We then replaced the Tyrode’s solution with a low calcium bath. This caused a decrease in tone of contractions. This occurs because the muscles need calcium to contract. The calcium bids to calmodulin, which leads to muscle contraction. So this low concentration causes fewer and less toned contractions. When 20% calcium is added to the solution it enables more calcium to bind to the receptors, thus causing more contractions. However, when we replaced the low calcium bath with a high calcium bath the contractions nearly stopped. This is due to an overload of calcium. There is too much calcium and they are all fighting to bind with the receptors, blocking them and causing none of the calcium to be able to bind.
We replaced the calcium solution with some fresh Tyrode’s solution and allowed the intestine to return to normal contractions. We then added 5 drops of cyanide and after about three minutes the contractions stopped. The cyanide inhibits the cell’s ability to produce ATP, which aids the intestinal cell’s respiration ability. Once the respiration has stopped it causes the contraction of the muscle to completely stop as well.(Ford and Weck, )”The Impact of Substance Abuse Treatment Modality on Birth Weight and Health Care Expenditures” was an article published in the Journal of Psychoactive Drugs. Haight-Ashbury publishes this journal four times a year (4). It is carried by a total of 537 libraries nationwide, 11 of which are located in the Missouri area (3). Being carried in a lot of libraries, including the St. Louis College of Pharmacy Library, and published frequently establishes this journal as a reputable source. There are also six authors of this study, each hold a PhD. Marilyn Daley is a research associate at Schneider institute for health policy, Heller graduate school, Brandies University, Waltham, Massachusetts. Miltion Argeriou, the main author of this study, is the Senior Research Associate for Schneider Institute for Health Policy, Heller Graduate School and Brandies University. He also has published at least 22 related articles throughout his career (2). Dennis McCarty is the professor at Oregon Health Sciences. James J. Callahan, Jr. is a professor at the Heller Graduate School, and Brandies University. Donald S. Shepard is a Professor at Schneider Institute for Health policy, Heller Graduate School, and Brandies University. Carol N. Williams is the executive director of research designs international. Having such experience behind this study establishes its creditability within the scientific community. Preparation of this Manuscript was supported by the Health Care Financing Administration cooperative agreement (1).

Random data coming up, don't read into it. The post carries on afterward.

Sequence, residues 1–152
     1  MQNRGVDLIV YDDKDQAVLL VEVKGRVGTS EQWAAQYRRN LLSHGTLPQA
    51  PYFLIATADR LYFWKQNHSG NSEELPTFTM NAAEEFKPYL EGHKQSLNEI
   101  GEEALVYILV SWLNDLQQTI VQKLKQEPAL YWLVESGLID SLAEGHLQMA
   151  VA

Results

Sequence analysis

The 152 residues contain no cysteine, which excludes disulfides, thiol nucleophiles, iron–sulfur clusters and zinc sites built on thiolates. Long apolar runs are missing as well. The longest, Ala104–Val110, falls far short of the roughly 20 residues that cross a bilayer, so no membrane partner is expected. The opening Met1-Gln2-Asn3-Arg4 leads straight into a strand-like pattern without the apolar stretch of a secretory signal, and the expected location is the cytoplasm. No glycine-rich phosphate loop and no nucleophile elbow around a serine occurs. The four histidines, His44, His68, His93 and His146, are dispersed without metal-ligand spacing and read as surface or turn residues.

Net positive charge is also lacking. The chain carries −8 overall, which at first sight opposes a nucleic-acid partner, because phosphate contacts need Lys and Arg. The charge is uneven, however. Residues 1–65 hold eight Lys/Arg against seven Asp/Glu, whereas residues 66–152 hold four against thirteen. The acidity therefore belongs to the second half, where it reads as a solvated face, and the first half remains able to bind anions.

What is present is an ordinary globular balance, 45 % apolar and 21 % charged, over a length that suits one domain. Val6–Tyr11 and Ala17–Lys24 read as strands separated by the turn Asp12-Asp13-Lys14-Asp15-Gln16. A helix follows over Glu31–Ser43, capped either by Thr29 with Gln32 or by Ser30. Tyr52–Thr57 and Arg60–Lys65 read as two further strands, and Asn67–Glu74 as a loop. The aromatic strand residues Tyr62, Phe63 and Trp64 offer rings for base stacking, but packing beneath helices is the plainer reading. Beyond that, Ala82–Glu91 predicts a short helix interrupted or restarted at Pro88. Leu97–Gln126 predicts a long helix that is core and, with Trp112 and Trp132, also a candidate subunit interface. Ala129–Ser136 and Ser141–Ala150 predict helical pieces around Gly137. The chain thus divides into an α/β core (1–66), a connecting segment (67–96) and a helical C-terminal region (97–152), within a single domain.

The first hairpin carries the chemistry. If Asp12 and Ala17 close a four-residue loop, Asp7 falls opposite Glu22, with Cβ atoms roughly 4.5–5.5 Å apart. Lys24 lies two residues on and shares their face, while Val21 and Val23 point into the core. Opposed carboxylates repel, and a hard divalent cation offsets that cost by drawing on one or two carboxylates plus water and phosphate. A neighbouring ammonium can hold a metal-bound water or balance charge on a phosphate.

The Following is a complete analysis of the Abstract, Introduction, Methodology, Results and References of this study.
The abstract of this article was clear and complete. It displayed key points to describe the purpose and results of this article. Overall it was well written with minimal to no biased language, while at the same time providing enough enthusiasm to maintain the readers interest. The abstract only included data that was relevant, and crucial to the main concepts of the study. The abstract did not include any data or points not discussed in the sections to come. In addition, the abstract conveyed the purpose of this study, impact of different types of treatments on birth weights of substance abusing women.